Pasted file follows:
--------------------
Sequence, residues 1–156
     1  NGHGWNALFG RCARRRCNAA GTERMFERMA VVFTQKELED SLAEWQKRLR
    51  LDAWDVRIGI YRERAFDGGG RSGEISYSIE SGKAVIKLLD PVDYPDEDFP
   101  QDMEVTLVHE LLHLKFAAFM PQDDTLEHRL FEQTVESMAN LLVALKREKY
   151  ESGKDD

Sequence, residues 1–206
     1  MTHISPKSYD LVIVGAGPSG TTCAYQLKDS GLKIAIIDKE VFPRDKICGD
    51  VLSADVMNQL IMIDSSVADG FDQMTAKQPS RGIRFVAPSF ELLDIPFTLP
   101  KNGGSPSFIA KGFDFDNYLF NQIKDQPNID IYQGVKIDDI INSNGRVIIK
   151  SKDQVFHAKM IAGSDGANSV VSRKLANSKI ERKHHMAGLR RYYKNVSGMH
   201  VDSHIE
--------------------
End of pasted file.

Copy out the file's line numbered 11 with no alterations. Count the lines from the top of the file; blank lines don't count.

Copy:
   201  VDSHIE